Increase in passenger injuries since lockdown
On the other hand, passenger injuries continue to be less common than typical. However, since the beginning of 2020, they have been steadily climbing. Possible causes include the city’s increased activity after the lockdown and the fact that whereas before the epidemic individuals were hesitant to share their automobiles with passengers, this apprehension appears to have subsided.
Vehicle injuries are still less than they were prior to the Covid19 issue.
In comparison to the same period in 2021, 10,570 drivers were hurt in New York City during the first semester of 2022. Due to the lockout, motorist injuries fell from a record high of 13,201 in 2019 to 8,450 in the first half of 2020 before rising back to 10,000 in the same time the following year. Automobile injuries are still very common, even if they are not as common as they formerly were. The leading cause of this large number of injuries is distracted driving.
Driver fatalities fall in the first half of 2022 after two years of chaos.
In New York, 29 drivers lost their lives in collisions in the first half of the year, compared to 39, 37, and 26 deaths in the same period in 2021, 2020, and 2019. The fact that NYC streets are once again relatively crowde and that cars cannot speed as much as they used to has largely prevented the speeding and recklessness that were brought on by emptying roads. For the first half of the year, the number of motor vehicle operator deaths in the city is back below 30 and close to where it was prior to the Covid 19 issue. The biggest contributing factors in these deaths continue to be speeding and inattentive driving.
Major Takeaways From NY Crash Data – 2022
Deaths from traffic accidents increased dramatically in Queens and Manhattan – According to Transportation Alternatives, the number of fatal traffic accidents in Queens is currently 125 percent greater than it was at the same time in 2021. Additionally, they pointed out that in Queens, 60% of fatal car accidents involved pedestrians. The number of fatal traffic accidents in Manhattan increased by 120 percent from Q1 of 2021. In Manhattan, February and March had more traffic fatalities than any other two-month period since 2013.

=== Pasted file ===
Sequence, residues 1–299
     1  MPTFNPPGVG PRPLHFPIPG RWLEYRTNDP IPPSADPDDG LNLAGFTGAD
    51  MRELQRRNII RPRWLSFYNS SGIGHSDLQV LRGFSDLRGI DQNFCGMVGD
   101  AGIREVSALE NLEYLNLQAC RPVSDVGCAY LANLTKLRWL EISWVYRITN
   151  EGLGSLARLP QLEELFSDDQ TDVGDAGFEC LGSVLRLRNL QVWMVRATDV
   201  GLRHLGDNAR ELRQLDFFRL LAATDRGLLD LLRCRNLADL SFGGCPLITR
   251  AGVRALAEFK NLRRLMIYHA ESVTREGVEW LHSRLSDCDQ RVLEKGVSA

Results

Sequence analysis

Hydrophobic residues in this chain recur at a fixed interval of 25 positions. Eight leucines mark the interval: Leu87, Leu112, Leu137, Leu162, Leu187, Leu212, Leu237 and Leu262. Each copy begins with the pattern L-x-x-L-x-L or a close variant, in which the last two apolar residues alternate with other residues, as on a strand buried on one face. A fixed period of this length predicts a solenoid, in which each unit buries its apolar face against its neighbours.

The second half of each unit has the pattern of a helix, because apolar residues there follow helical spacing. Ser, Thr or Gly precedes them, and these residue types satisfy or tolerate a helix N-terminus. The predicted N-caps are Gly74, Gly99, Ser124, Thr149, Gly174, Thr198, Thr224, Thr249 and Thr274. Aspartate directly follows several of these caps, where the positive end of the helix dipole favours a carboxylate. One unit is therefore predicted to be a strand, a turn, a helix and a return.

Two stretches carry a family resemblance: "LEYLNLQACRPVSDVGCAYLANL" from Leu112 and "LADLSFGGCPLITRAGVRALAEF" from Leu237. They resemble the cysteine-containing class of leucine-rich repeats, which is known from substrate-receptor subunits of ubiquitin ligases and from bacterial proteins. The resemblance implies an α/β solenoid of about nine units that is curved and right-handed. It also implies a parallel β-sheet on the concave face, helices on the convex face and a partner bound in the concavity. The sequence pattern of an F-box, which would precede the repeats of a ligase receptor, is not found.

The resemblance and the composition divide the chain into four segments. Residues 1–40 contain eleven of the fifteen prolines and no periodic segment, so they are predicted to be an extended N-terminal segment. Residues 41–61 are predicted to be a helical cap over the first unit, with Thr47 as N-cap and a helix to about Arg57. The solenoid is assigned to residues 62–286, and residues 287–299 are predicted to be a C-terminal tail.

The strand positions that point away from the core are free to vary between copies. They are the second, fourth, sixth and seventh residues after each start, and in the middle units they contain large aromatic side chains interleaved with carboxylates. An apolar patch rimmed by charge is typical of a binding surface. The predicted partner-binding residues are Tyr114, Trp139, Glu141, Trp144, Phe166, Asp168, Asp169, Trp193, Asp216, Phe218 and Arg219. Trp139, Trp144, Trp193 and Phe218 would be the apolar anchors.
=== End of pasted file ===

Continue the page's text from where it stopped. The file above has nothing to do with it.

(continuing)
Pedestrians made for over half of all traffic-related fatalities. 29 of the 59 road fatalities that occurred in the first three months of 2022, according to Transportation Alternatives, were pedestrians. Since the inception of Vision Zero, February in Brooklyn saw the highest number of pedestrian fatalities.
Deaths from motorised vehicles, including e-bikes, mopeds, and scooters, have surged. In the first three months of 2021, only one person lost their life while operating a “other motorised” vehicle. Nine fatalities on scooters, e-bikes, and mopeds were recorded in 2022. According to the report, these incidents frequently involve poor, working-class people, particularly delivery cyclists.
Approximately one-fourth of all road fatalities occur on routes with speed limits greater than 25 mph. Even though just 10% of New York City roadways have listed speed limits more than 25 mph, the group found that in Q1 around 24% of traffic fatalities occurred on these routes.
Transportation Alternatives is urging Mayor Adams, the city, and the state to take immediate action by fully funding the NYC Streets Planhich would require the NYC Department of Transportation (DOT) to build hundreds of miles of new bike and bus lanes, upgrade existing pedestrian infrastructure, improve intersections, and create one million square feet of space that is dedicated to pedestrians. This is in response to the alarming rise in traffic accident fatalities in New York City.
In addition, Transportation Alternatives advises the city to expedite its January commitment to remodel 1,000 junctions for public safety. They also backed making the Dangerous Vehicle Abatement Program stronger in order to reduce the frequency of repeat traffic infractions.
The Crash Victim Rights and Safety Act should be rapidly pass this session, according to the organization’s request to the state assembly in Albany. The Crash Victim Rights and Safety Act would grant cash for “complete streets” and allow towns outside of New York City to rebuild roadways and enhance safety features, reduce the posted speed limit to 25 mph, instruct drivers on how to drive safely around bikes and pedestrians.
A Safe Passage provision that mandates drivers to keep at least three feet between their vehicles and bikes is also include in the act. Additionally, it would increase the legal rights of crash victims and the people close to them.